A new study has found out why the African naked mole-rat (Heterocephalus glaber) experiences no pain when exposed to acid. The African naked mole-rat is one of the most unusual mammals in the world. They live in large groups underground in dark narrow burrows where carbon dioxide (CO2) levels are extremely high. CO2 is converted into acid in body tissues, which continuously stimulates pain receptors. However, investigators of the Max DelbrÃ ck Center for Molecular Medicine (MDC) Berlin-Buch have discovered that African naked mole-rats have an altered ion channel in their pain sensors that is inactivated but acid and makes them insensitive to this type of pain. According to Dr. Ewan St. John Smith and Professor Gary Lewin, the animals adaptation to their extreme environment over the course of evolution is the reason for this pain insensitivity.
The association between the inflammatory bowel disease ulcerative colitis and a gene that makes certain cell surface proteins has been pinpointed to a variant amino acid in a crucial binding site that profoundly influences immune response to antigens, including gut bacteria, reports a team of researchers at the University of Pittsburgh, Cleveland Clinic, Carnegie Mellon University and Harvard Medical School. They published the findings in the online version of Genes & Immunity. Variations in genes that regulate immune responses in a region of chromosome 6 have long been linked with susceptibility for many infectious and chronic inflammatory conditions, including ulcerative colitis, said Richard H. Duerr, M.D., professor of medicine, Pitt School of Medicine, co-director and scientific director, UPMC Inflammatory Bowel Disease Center, and the corresponding author of the study.
Three new locations for Crohn's Disease genes have been uncovered by scientists at UCL using a novel gene mapping approach. The complex genetic and environmental causes of Crohn's Disease (CD) have long been difficult to untangle. CD, a type of Inflammatory Bowel Disease that affects about 100 to 150 people per 100, 000 in Europe, is characterised by inflammation in the gastrointestinal tract. Even though twin and family studies suggest a high heritability for CD of 50-60%, so far the locations of much of the genetic information implicated in this chronic disease have remained elusive. Now, three newly identified gene regions on chromosome 16 have filled in some of the missing gaps, as well as showing that different patients carry different sets of faulty genes. Published today in the American Journal of Human Genetics, the findings could pave the way for personalised treatment and also lead to improved understanding of how complex diseases are inherited.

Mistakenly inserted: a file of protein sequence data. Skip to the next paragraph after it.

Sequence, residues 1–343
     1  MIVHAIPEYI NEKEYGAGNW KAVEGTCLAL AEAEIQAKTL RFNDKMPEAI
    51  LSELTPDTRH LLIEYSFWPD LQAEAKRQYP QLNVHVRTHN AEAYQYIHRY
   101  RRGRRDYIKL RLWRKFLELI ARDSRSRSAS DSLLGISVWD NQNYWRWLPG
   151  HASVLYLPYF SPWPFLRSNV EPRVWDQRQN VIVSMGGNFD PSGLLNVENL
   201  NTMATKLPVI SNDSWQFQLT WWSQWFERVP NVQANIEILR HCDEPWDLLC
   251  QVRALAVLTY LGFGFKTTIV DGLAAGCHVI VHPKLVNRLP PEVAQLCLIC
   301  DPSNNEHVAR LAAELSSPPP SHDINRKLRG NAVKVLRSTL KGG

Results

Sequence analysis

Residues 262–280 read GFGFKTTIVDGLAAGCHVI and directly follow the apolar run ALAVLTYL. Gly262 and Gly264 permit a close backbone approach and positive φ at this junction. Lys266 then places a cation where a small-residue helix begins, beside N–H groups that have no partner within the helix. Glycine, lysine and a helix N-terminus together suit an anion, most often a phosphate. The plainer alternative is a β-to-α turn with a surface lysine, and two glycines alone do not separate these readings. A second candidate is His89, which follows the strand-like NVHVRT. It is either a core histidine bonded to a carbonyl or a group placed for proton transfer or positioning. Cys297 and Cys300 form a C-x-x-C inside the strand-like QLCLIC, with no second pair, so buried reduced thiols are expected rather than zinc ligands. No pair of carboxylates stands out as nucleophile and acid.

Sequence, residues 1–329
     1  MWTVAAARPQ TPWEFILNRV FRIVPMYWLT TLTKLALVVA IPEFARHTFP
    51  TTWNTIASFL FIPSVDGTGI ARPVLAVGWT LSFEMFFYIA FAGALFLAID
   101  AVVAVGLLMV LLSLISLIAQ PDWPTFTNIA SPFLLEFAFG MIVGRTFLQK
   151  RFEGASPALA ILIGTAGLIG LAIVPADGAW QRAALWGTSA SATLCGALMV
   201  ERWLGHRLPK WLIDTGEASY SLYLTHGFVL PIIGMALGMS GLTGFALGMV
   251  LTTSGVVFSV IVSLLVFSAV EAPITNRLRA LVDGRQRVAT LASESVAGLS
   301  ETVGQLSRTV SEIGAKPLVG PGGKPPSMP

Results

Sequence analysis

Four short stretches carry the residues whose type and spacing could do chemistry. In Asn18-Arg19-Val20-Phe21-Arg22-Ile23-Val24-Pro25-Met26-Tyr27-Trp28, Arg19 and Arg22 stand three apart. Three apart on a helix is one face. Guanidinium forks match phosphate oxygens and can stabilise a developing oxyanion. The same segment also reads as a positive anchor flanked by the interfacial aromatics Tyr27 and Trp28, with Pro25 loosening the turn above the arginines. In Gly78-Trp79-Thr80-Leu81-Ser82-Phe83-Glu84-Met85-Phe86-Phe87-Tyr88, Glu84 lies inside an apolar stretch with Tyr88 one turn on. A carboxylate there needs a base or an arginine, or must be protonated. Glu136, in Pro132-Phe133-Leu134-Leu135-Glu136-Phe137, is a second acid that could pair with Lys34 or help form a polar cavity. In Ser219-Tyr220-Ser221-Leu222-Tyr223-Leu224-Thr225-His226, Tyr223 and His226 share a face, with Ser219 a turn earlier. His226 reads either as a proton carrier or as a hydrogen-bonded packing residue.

In a paper published in the December 2011 issue of Experimental Biology and Medicine, a team of scientists at the University of Illinois, Urbana-Champaign led by Rex Gaskins, PhD have demonstrated that both microbial and host inflammatory factors modulate sulfomucin production in a human cell line, LS174T, that models intestinal goblet cells. Sulfomucins, one of two primary types of acidomucins secreted by intestinal goblet cells, provide crucial protection to the intestinal mucosa. Therefore, it is not surprising that a loss of intestinal sulfomucins is associated with both inflammatory bowel disease (IBD) and colorectal cancer. However, the extent to which pathways involved in sulfomucin production are responsive to signals emanating directly from intestinal microbes or cues originating from host inflammatory cells is not known.
Here's another reason why "an apple a day keeps the doctor away" - according to new research findings published in the Journal of Leukocyte Biology *, oral ingestion of apple polyphenols (antioxidants found in apple peels) can suppress T cell activation to prevent colitis in mice. This study is the first to show a role for T cells in polyphenol-mediated protection against an autoimmune disease and could lead to new therapies and treatments for people with disorders related to bowel inflammation, such as ulcerative colitis, Crohn's disease and colitis-associated colorectal cancer. "Many people with colitis use some form of dietary supplement to complement conventional therapies, but most of the information on the health effects of complementary medicine remains anecdotal. Also, little is known about exactly how these therapies work, if they work at all, " said David W.